Galesburg Register-Mail from Galesburg, Illinois on September 20, 1963 · Page 4
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Galesburg Register-Mail from Galesburg, Illinois · Page 4

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Friday, September 20, 1963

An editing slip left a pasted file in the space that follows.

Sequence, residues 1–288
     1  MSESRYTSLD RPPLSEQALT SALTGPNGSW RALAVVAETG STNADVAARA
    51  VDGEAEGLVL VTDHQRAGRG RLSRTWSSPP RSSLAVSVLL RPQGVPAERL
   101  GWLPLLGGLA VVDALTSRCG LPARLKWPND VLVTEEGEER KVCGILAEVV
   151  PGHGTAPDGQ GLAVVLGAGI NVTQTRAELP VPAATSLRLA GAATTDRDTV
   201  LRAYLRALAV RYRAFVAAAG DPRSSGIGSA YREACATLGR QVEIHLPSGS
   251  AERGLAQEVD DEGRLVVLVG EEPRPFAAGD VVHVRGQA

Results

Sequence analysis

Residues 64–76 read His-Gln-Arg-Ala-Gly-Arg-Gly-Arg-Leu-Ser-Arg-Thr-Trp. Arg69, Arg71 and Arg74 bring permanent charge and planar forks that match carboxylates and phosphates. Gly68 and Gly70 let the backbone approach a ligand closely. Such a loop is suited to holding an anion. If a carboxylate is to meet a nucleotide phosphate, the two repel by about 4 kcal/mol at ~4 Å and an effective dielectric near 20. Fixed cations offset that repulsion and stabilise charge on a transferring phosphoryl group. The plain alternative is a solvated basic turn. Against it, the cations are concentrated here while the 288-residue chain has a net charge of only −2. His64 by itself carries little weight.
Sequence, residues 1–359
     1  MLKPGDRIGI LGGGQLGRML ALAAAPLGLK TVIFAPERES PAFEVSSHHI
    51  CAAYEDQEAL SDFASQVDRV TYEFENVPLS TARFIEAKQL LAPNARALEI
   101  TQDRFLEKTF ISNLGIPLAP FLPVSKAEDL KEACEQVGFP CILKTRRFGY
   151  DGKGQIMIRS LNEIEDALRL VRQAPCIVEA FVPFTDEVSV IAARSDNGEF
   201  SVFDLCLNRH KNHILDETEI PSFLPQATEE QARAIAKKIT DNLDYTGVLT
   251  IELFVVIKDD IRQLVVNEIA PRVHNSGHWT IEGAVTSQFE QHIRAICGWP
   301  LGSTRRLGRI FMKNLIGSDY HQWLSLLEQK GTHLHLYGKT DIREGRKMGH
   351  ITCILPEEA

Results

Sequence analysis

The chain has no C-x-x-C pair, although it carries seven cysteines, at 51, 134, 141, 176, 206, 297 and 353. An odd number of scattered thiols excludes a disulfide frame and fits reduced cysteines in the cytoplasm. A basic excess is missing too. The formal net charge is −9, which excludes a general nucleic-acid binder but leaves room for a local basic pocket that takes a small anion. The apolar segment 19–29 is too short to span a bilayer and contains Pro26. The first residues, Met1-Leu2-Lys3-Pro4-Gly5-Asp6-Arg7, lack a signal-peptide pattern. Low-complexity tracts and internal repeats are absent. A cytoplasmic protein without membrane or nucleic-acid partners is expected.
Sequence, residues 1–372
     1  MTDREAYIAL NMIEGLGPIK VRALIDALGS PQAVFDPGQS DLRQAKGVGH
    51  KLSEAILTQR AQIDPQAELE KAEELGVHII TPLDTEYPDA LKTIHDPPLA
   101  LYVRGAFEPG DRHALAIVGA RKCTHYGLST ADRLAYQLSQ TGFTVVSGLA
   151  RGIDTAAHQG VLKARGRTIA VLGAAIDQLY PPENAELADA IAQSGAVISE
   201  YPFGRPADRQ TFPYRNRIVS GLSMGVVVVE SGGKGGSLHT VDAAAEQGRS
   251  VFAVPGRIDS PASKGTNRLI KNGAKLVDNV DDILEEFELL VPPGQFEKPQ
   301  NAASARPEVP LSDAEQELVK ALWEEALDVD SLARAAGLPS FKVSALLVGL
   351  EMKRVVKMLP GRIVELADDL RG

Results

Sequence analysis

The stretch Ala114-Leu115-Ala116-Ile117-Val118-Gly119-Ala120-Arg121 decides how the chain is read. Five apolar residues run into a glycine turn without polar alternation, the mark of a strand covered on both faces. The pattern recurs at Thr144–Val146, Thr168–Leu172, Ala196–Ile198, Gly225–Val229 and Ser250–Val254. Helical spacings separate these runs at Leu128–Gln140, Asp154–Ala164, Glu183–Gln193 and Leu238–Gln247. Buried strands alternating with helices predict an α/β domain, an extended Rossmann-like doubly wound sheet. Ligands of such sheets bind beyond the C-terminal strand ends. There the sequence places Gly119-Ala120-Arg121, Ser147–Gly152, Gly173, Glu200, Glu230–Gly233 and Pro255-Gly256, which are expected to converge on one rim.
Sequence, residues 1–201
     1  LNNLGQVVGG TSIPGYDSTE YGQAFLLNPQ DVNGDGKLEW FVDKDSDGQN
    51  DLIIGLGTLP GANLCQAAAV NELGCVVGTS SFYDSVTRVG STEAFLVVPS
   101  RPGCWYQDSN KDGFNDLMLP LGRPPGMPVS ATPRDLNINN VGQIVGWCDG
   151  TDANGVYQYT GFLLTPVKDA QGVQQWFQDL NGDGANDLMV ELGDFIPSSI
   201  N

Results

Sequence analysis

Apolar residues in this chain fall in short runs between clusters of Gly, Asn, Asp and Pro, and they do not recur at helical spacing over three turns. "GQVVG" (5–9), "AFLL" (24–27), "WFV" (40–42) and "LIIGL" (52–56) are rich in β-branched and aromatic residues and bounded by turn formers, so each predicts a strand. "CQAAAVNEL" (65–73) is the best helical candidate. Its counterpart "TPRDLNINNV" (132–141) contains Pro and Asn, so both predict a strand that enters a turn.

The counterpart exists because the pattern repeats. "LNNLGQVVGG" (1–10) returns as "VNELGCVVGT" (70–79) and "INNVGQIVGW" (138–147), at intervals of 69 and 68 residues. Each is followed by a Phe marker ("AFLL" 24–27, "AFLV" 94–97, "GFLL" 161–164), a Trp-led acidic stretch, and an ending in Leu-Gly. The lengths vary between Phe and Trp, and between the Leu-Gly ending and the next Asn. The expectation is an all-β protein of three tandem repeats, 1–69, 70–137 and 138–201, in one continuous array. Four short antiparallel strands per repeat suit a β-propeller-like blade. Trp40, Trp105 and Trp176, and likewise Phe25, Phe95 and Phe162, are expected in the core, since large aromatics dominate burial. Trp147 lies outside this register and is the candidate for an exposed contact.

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4 Gatesburg Regisfrer-MoiL Golesburg, HI. Fri,, Sept. 20, 1963 Carry On! EDITORIAL Co Mill ent and Review Criers of Havoc Some historians may decide to dub 1963 the "Year of the Demonstrations." We have had all types, including that old familiar variety aimed at disrupting a congressional hearing. Peaceful assembly to press for redress of real or imagined grievances is an assured American right of citizenship. It is obvious • that peaceful assembly, by definition, does not include riot. Evidently not so clear to some demonstrators is that it also does not include any other deliberate interference with the orderly processes of democracy, or with the functioning of the economic system ,which flourishes under democracy. It is bad enough that any Americans, white or Negro, should conclude that the way to "improve" the workings of democracy is to hamstring its processes. It is worse still when those who commit this grievous error shout "police brutality!" almost automatically when their interference with orderly life is curbed. Such cries were heard from "students" whose avowed aim was to disturb hearings by the House un-American Activities Committee into unauthorized student travel to Cuba. When a violation of order is the stated goal, police action to restore order is invited. Such action will surely follow. Indeed it must, if we are to keep democracy as a peaceful mechanism. The automatic shout of "brutality" has an empty sound when uttered in such circumstances. It amounts to contending that one should be left alone to disrupt democracy and that anyone who is interrupted in this mischief is by that fact the victim of "undemocratic" brutality. In no stronger position are those demonstrating Negroes who have chained themselves together to bar work at building sites, or tied themselves to cranes and other machinery. They should be extremely cautious in how they accuse police whose minimum responsibility at such times is to remove them as obstacles to work which reasonably must proceed. There is police brutality in this country— in all sections. But it is the unusual, the thing of excess, and needs in every instance to be proven. The charge is not one to be leveled as a matter of course against an officer who has no choice but to remove a screaming demonstrator from a congressional hearing room or a chained group of Negroes from the path of construction trucks. Those who so glibly make the complaint damage no cause but their own. When the police become a total and automatic enemy, the rule of law is not respected. For the police are among the necessary guarantors of the orderliness which is crucial to the democratic way. Bigger Wheat Glut Ahead? "Drop a grain of California gold into the ground and there it will lie unchanged until the end of time," orator Edward Everett told a Boston audience in 1855. "Drop a grain of our blessed gold (wheat) into the ground and lo! a mystery." The mystery is still there, all right, but today it has less to do with the growing process than with what the nation is going to do with all that wheat. Some 1.1 billion bushels of it—enough to meet all needs for. more than a year—already are in government hands. Taxpayers shelled out close to $500 million in fiscal 1963 to support the wheat price at $1.82 a bushel. The latest Agriculture Department crop report forecasts wheat production of 1,134,051,000 bushels for calendar 1963—4 per cent above 1962's output. Now, farmers in the winter wheat belt are oiling up their drills for the fall planting. For the first time since 1952 they can plant as much as they like. Despite warnings of $1 wheat, farmers in a referendum last May 21 decisively rejected tight controls and high supports on wheat production in 1964. It was a stunning setback both for the administration 's "supply management" program and for the commonly held idea that cash-crop farmers won 't vote against Santa Claus. The price of freedom will come high, though, if wheat farmers plant "fence to fence" hoping to offset lower prices. This was what Agriculture Secretary Freeman had in mind when he forecast "chaos" if the farmers voted down the administration wheat program. Most growers of v/inter wheat, which jnakes up 75 per cent of the total crop, seem to be planning to stay within then- present al- totnwnta. Such was the surprising finding in a recent nationwide spot check by Farm Journal magazine. The decision to avoid over- planting is a tribute less to the farmers' self- restraint than to remaining federal farm laws, especially the permanent wheat legislation passed by Congress in 1962. Under it, wheat growers still can get a 50 per cent support price of $1.25 a bushel in 1964 if they stay within their old acreage allotments. Dire predictions of a wheat price disaster also look less scary in the wake of Canada's unexpected $500 million sale of wheat to Russia. Perhaps U.S. wheat exports now can be expanded without disrupting world markets. Nevertheless, farm slate congressmen still worry about an economic recession centering in the Great Plains next fall on the eve of elections. Bills to set up an emergency wheat program offering higher price supports for farmers who voluntarily cut back production are getting a close look in both chambers. Administration officials earlier took the position that growers would have to five with the choice they made in the May referendum. President Kennedy even issued a sardonic statement accepting the wheat farmers' verdict and hoping "that this will prove to be a wise choice for wheat farmers and the country." The feeling now is that the President is very much alive to the possible results of election-year unrest in the wheat belt and would like to have something done about it. Yet U.S. News & World Report declares that it is the view of many farm-state Democrats that the White House has let the wheat problem drift too long for action by Congress this year. Some congressmen are said to fear that a "plowdown" may be necessary next spring to destroy excess plantings of wheat. Finances, U.S. Giving, Are on U.N. Agenda By PETER EDSON WASHINGTON (NEA) - There are ?8 items on the provisional agenda for the United Nations General Assembly this year. It fs likely a few more will be added during the session which convened in New York this week. About.half of the subjects up for discussion relate to international disputes. The other half relate to U.N. housekeeping operations, including financing. As of Sept. 15, all member nations are sufficiently paid up on their assessments to be able to vole on all issues before the 1963 Assembly. But if additional payments are not made before Jan. 1, Soviet Russia, France and some of the communist satellite countries will become more than two years in arrears on regular and special assessments for peace-keeping operations. This would subject them to a loss of voting rights in 1964 or until paid up. The guess is that they will pay up just enough to retain their votes, as they have in the past. But if France and Russia choose to make another fight against special assessments for keeping the peace in places like the Congo and the Near East, it will be a battle threatening future U.N. effectiveness. As of July 31, U.N. collections were more than $180 million in arrears—$44 million on working capital and regular assessments, $36 million for the Near East Emergency Force, and $100 million for the Congo account. AT THE General Assembly special session earlier this year emergency financing of $42 million was arranged to carry on operations through Dec. 31. The United States made some progress in getting its assessments for extra-contributions reduced from 49 pet ce"nt to 37 per cent of the total. There was some congressional complaint that this was not reduced to the 32 per cent of total which the U.S. pays on regular assessments. But considering that the United State's has 40 per cent of the total gross national product for all U.N. members, the 12 per cent cut on special contributions was regarded as a good start. On the purchase of U.N. bonds —a hot issue in the last Congress —total purchases up to Sept. 1 were $145 million by 50 countries, with $2 million more pledged but not paid in. U.S. purchases are half of this amount, keeping the pledge to match other purchases up to $100 million of the $200 million issue. THE 1964 BUDGET which Secretary General U Thant presents to the General Assembly is for $96 million for the U.N. itself, plus $100 million for its specialized agencies. With $14 million in receipts, the net total is $182 million. Total U.S. contributions to the U.N. for 1964 are $57 million in regular and special assessments, plus $175 million in contributions outside the budget for programs like Palestine refugees and the Children's fund. The United States gives 40 per cent of the special fund for economic planning, 70 per Cent of the United Nations Emergency Force costs in the Near East and up to 100 per cent on sortie of the special research projects. This ii. criticized as being of no immediate or direct benefit to the United States. There are demands in Congress—like the proposal by Rep. Durward G. Hall* R-Mo.— that U.S. contributions io any international organization be limited to a flat one-third of the total budget. But there is little support except from right-wing extremists for the prediction of Rep. James B. Utt, R-Calif., that the United States eventually will have to get out of the United Nations and that the U.N. will have to get out of the U.S. The Ball Is in Premier Khrushchev's Court By JOHN CHAMBERLAIN THE LATE Pope John XXIII's "Pacem in Terris" was widely— though surely mistakenly—interpreted as favoring peaceful coexistence with communist ideology both inside and outside the democratic nations. The misconstruction of the Pope's words, which actually endorsed communist behavior only to the extent that it might prove willing to forswear Marxist patterns in favor of a return to Christian morality, had its unfortunate effect on the Italian elections. The stories from Rome emphasized many an instance of the good Catholic housewife voting the Communist ticket because her worker-husband, a member of the Communist Party, had told her the Pope wouldn't mind if she did. This sort of thing apparently won't happen again if Pope John's successor, Pope Paul VI, has anything to do with it. Choosing his words carefully in speaking to a Visiting group of clergymen, Pope Paul has laid it down as Vatican policy to "fight Marxism not only in theory but in practice." These blunt words, surely, will filter down to Italian Catholic wives v/ho made the mistake last spring of letting their communist worker husbands interpret a papal encyclical for them. AS A MATTER OF FACT, the tip-off to the Vatican's real attitude toward dealing with the communists should have been obvious all along from the behavior of Josef Cardinal Mindszenty, who was never importuned by Rome to express his willingness to accept exile from communist Hungary. The Vatican has accepted tiie Cardinal's insistence that he remain on Hungarian soil in the U. S. Embassy in Budapest. And Pope John XXIII, as it turns out, told Alexei Adzhubei, Khrushchev's son-in-law. that the creation of closer contacts between the Vatican and the Kremlin would need almost as much time as it took the Lord to create the earth. "The days of the Bible," the late Pope has been quoted as saying to Adzhubei, "are not days but epochs and s the epochs of the Bible are very long. We are now at the first day." So Pope John, before his death, was waiting for five more Biblical "days"—or epochs—to pass before a concord with the Kremlin might come to pass. And Pope Paul apparently has no disposition to hurry the Biblical pace by giving anything away. THE VATICAN'S implied policy of "hurrying things by waiting" tosses the diplomatic ball back to Khrushchev. The boss of the Kremlin can prove good faith in asking for better relations with the Roman church by doing some things that are quite within his own control. There is the case of the 71-year- old Most Rev. Josyf Slipyi, for example. As Archbishop of Lvov and Metropolitan of the Catholic Church in the western Ukraine, the Reverend Slipyi, though owing his allegiance to the ritual of the Byzantine church, comes under the political jurisdiction of the Vatican in Rome. The late Pope John managed to spring the Reverend Slipyi loose from political incarceration in Russia, where he had been kept in prisons or detention camps for 18 years, by demanding his unconditional release to attend the meeting of the Ecumenical Council. Khrushchev, at the time, was having his troubles with Catholics of both the western and eastern churches in Poland, Hungary and the western Ukraine—and he shrewdly decided that the release of the Reverend Slipyi might serve to allay considerable unrest. But the Reverend Slipyi, as it turns out, shares Cardinal Minds- zenty's distaste for the idea of being exiled from his native soil. Cardinal Mindszenty won't leave the confines of the U. S. Embassy in Budapest until he has the assurance of the Hungarian communist government that he will be allowed to take up his old duties as Primate of Hungary. And the Reverend Slipyi won't be satisfied until he is permitted to return to the Ukraine as the openly sanctioned head of a Ukrainian Catholic church. KHRUSHCHEV, if he is really sincere in wanting to make peace with the Vatican, couk} permit the Ukrainian church td emerge from underground by inviting the Reverend Slipyi to return to Soviet territory as a Kremlin-sanctioned head of a restoration. Such a gesture, if coupled with a corresponding grant of unconditional ecclesiastical freedom to Cardinal Mindszenty, would go at least a little way toward proving that Moscow's talk of a "thaw" in east-west relations is more than cynical public relations eyewash. Copyright 1963 On and Off Payroll; and, Boon to Teachers By FULTON LEWIS JR WASHINGTON - You remember Merwin Coad: The Iowa Congressman who slipped away one day in 1961, obtained a "quickie" divorce in some small-town Alabama divorce mill, then married a shapely, one-time beauty queen who first came to Washington as the wife of his administrative assistant. You know, the Congressman who didn't bother to tell his first wife she had been divorced or that he had remarried. That's right, the Congressman who put his new wife on the government payroll at $12,500 a year. Well, Merwin Coad, who did not run for re-election, is back on the federal payroll. Or was, until the other day. HE WAS quietly hired July 30 at $75 a day by the Agency for International Development. He joined a former colleague, Leonard Wolf, who draws down $19,300 a year from the same agency. Wolf, too, had a stormy Congressional career. Soon after he came to Washington in 1958, he put his wife on the payroll at $13,000 a year.- He was defeated for re-election in 1960. Coad went on the AID payroll July 30. Agency officials explained that the former Congressman was hired to coordinate AID activities with those of various church groups. A former minister, REMINISCINGof Bygone Times glar did not scare Mrs. Harry Holborn, 1103 E. Main St. She calmly called her husband and the man ran away. FIFTY YEARS AGO Saturday, Sept. Z9, 1913 Galesburg police resented it because members of a crowd of some 50 people standing near a street car waiting room, laughed at the police when they failed to catch a druken man that was causing a disturbance in the vicinity. Looking down into the barrel of a shining revolver held in the hand of a masked would-be bur- liie Almanac By United Press International Today is Friday, Sept. 20, the 263rd day of 1963 with 102 to follow. The moon is approaching first quarter. The morning star is Jupiter. The evening stars are Jupiter and Saturn. On this day in history: In 1519, Portuguese navigator Ferdinand Magellan began his global voyage to find a western passage to the Indies with five ships and 270 men. In 1873, financial chaos reached a climax in the panic of 1873, and the New York Stock Exchange closed its doors. In 1881, Vice-President Charles A. Arthur became the 21st President of the United States upon the death of president Garfield. In 1960, the United Nations admitted 13 African countries in the opening of a turbulent General Assembly session attended by several Communist leaders. And the angel of the Lord appeared unto him, and said unto him, The Lord is with thee, thou mighty man of valour.—Judges 6 :12. * • * The courage we desire and prize is not the courage to die decently but live manfully. — Thomas Carlyle. TWENTY YEARS AGO Monday, Sept. 20, 1943 A brief 30-minute City Council meeting was held. Aldermen engaged in a few snappy blasts of repartee then the meeting adjourned. Bud Linder, son of Mr. and Mrs. Neal Linder of near Galesburg, reported that a homing pigeon alighted at his home. The bird would not leave so the family kept the visitor in a cage. Now You Know More than 212,000 cubic feet of water passes over Niagara Falls per second according to the World Almanac. ' Coad was presumably thought to be in good standing with the men of God.. Senator Jack Miller, who has kept close tabs on Coad's political career, insists the AID job was a reward for Coad's vote on June 21, 1962. On that date, Coad voted to give the Secretary of Agriculture extraordinary controls over farmers. The bill failed, and Senator Miller predicted then that Coad would wind up at the federal trough. THE SENATOR'S colleague, Bourke Hickenlooper, also protested against Coad's appointment. He phoned David Bell, AID Director, and told him in no uncertain terms he thought. Bell, whose Congressional relations are bad er' -h, was in no position to further antagonize Hickenlooper, ranking Republican on the Senate Foreign Relations Committee. So, on Saturday of last week, Merwin Coad "resigned." * * * THE DEPARTMENT of Health, Education and Welfare has spent $21,850 on an 814-page book designed to aid the nation's teachers. Included in the book, entitled "Programs, 1963" is—believe it or not—one section entitled "Official Girl Watchers Guide." Interested males are informed thsy must have 20 - 20 vision (corrective glasses are permitted). "Additional material required: binoculars, notebook. Average time: 2¥* hours (estimate)." Another section, concex-ned with social studies, states there is only one continent larger than Africa- Asia. Then comes the poser: "So, the enormous chunk of rock that is Africa is (a) the largest con­ tinent (b) the second largest continent." A THIRD section • deals with business. A question here will probably not stump the reador: "But before you contact a stockbroker, you should decide what type of stock buyer you are going to be and what kind of • you want to buy." Answer? Stock. Another question states: ''You could be one of two *ypes of stock buyers: A speculator or an investor. Speculators "speculate and investors ." ' Investors invest, if you didn't know. THERE ARE 15 pag How to Watch a Football Game, How to score a p-—J' tch, Coin Collecting, Roller Skating, Bridge and Chess. Senator Karl Mundt wonders whether the general welfare clause of the Constitution was really designed to promote the correct way to watch a football game. Copyright 1963 Qalesburg Raster-Mail Office 140 South Prairie Street Galesburg. Illinois TELEPHONE NUMBER Register-Mall Exchange 342-5161 Entered -\s Second Class Matter at the Post Office at Galesburg Illinois, under \cX of Congress of M---'-h 3. 1878 Dally except Sunday. Ethel Custer Schmlth Publisher Charles Morrow — Editor and Genera) Manager M. ti Eddy Associate Editor And Director of Public Relations H. H. Clay Managing Editor National Advertising Representative: Ward-Griffith Company Incorporated. New York, Chicago, Detroit, Boston. Atlanta, San Francisco. Los Angeles Philadelphia. Charlotte. MEMTER AUDIT BUREAU OF CIRCULATIONS MEMBER ASSOCIATED PRESS** rhe Associated Press Is entitled exclusively to the use or republication of all the local news printed in this newspaper as well as all AP news dispatches SUBSCRIPTION RATES By Carrier in City of Galesburg 35c s Week. By RFD mail In our retail trading zone: 1 Vear S10.00 8 Months 93JO 6 Months $ 6.00 1 Month S1J» No mall subscriptions accepted in towns where there is established newspaper boy delivery By Carrier In retail trading son* outside City of Galesburg. 1 week 30c By mall outside retail trading zone in Illinois, lows and Missouri and by motor route to retail trading zone. 1 year $13.00 3 Months 13.71 6 Months 9 7.00 1 Month $1.19 By mail outside Wlnola, Iowa and Missouri 1 Year $18.00 3 Months S3.00 6 Months 9 9.80 1 Month 93.M Crossword Puzzzle States ACROSS 1 "Webfoot State" 7 "Pine Tree State" 12 Hydrocarbon gas 13 South wind 14 Wild ass 15 Beeves 16 Snakelike fish 10 Roman emperor ^TjS 11 Formerly 13 Active 18 Et cetera (abj 20 Spite 21 "Last Frontier State" 22 Assemblage 23 Organic salts 24 Bungle 25 Bad 26 Sand hill Answer to Prevfotw Punt* aanoaii 24 Reward 27 Compressor 81 Soft palate 82 Italian measure of distance tt Cigars . . * cigarettes . . . fhouy expense account VQUctors • • •** 83 End 34 "Lone Star State" 35 Spotted 38 Rub out 39 Deservers 41 Bean (India) J 4 Japanese sash 5 Crowlike bird 48 Irritates $1 American economist 64 Recess 55 "Hibiscus State" 56 Animal 57 Vibration DOWN lWind' instrument S Norse poetry 3 And other* (ab.) 4 Pat comment 5 Individual 6 Plucky 7 Cur i 8 Ibsen character 30 Flower 36 Uneven 37 Dictionary national biography (ab.) i 12 FT 40 Number „ 47 Fisheroun 'a 41 -Beehive State" trap 42 Depend 49 Scion 43 Small fish SO Femalo 45 Draught appeUatJaa) 46 Exchange 52 Lug premium 53 Be m debt If ar an 21 11 S3 - 35 54 • sialiii £g stj N aH Bf KEWSPAFBft EfflEKPHJAE A MM T ^fa?"^"/ W9 ^"JPa? 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